President Hennigan discusses university’s future with USG


Photo by Alexander Popichak

President Paul Hennigan at the USG meeting on April 16.

Written By Alexander Popichak, USG Beat Writer

Speaking before Point Park’s United Student Government (USG) meeting Monday, Dr. Paul Hennigan, university president, fielded questions from senators about changes over the next year to Point Park facilities.

One such space, the coffeehouse at 100 Wood Street, is set to open in time for the start of the fall semester.

“We’re looking to do a ‘soft opening’ in August, probably right before the term starts is the goal,” Dean of Students Keith Paylo said Monday. “The grand opening will happen when students return [from summer break].”

Hennigan said the “big news” for the upcoming semester is the opening of the new Pittsburgh Playhouse, attached to the University Center.

“It will be a building for the entire university to use,” Hennigan said in the Student Center Monday. “We did not build such an elaborate, state-of-the-art facility to hand over to a relatively thin slice of our university, meaning just the Conservatory [of Performing Arts]. So we challenged ourselves years ago to try and figure out how to make this building a university asset and work for all the students.”

Hennigan said that every “project” at the new Playhouse  – which he defined as everything from Conservatory shows to speaker series and concerts – will have an “interdisciplinary group of students” managing it.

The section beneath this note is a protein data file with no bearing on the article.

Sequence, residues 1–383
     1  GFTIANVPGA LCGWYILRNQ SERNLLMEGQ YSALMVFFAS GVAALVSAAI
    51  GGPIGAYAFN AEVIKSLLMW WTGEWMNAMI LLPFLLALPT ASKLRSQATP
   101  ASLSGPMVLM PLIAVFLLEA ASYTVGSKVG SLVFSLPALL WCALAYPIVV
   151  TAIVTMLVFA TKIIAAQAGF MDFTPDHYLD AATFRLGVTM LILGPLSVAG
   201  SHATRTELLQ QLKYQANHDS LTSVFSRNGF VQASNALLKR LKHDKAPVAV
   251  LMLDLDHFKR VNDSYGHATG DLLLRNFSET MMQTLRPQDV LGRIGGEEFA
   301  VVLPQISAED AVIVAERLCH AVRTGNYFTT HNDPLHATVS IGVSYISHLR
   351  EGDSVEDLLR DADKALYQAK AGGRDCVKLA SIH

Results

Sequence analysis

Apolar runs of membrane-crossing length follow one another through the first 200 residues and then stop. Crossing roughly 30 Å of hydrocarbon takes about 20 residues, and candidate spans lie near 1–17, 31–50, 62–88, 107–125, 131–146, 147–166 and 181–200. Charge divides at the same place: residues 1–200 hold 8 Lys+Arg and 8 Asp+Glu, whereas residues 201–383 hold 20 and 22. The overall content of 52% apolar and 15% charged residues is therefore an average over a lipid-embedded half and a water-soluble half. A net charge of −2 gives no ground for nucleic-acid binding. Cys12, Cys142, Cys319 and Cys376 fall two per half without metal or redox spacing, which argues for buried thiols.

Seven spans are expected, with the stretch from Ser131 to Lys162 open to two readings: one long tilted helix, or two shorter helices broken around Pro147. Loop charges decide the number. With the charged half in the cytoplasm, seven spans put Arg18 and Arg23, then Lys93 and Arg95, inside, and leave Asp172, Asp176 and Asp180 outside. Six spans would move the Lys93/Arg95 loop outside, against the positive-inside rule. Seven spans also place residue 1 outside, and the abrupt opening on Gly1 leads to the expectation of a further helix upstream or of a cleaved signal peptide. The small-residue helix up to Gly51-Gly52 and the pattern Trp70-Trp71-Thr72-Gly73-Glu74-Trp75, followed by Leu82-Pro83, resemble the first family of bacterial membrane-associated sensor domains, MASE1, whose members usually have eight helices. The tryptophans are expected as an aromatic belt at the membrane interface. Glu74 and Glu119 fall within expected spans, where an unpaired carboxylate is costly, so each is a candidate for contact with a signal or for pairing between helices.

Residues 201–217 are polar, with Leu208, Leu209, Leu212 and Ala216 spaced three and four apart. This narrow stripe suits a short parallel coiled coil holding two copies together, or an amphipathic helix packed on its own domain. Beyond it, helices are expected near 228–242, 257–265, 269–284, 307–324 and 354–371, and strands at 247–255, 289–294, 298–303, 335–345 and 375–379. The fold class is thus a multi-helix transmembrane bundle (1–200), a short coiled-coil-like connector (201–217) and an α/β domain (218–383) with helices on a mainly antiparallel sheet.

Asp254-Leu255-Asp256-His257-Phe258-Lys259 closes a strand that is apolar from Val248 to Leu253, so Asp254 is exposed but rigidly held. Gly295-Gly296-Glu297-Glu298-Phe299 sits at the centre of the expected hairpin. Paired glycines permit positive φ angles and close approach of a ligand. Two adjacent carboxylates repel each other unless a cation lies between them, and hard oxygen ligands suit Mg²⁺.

“It’s a really cool way to bring together a wide variety of students from a wide variety of disciplines to work on these interdisciplinary teams to do these projects,” Hennigan said. “I think the building itself is fabulous and it’s going to have great potential beyond what we could possibly imagine right now and I’m really excited about the programming that will take place around the new Pittsburgh Playhouse.”

In addition to the Playhouse making its move Downtown, Point Park is in the process of completely vacating the Patterson Building on Third Avenue. The university currently leases the fifth and first floors of the building, but by the start of the fall semester, the edit suites will be moved to West Penn Hall and the offices occupying the first floor will move to the eighth floor of Lawrence Hall.

Hennigan backed the university’s commitment to offering shuttles to and from Oakland for the next school year and that service beyond that will be dependent upon usage. According to Michael Gieseke, dean of student life, the shuttles will operate on a once-per-half-hour schedule.

Hennigan said he expects a demand for more on-campus housing to increase with the Playhouse moving Downtown and that the university is seeking lease options for residential spaces to offer as student housing; however, the university has yet to secure any new leases.

“We’re always looking at residential opportunities downtown,” Hennigan said. “We have nothing to report today in terms of actual opportunities to pursue. I know Dean Paylo and our C.F.O. are always looking at residential opportunities downtown.”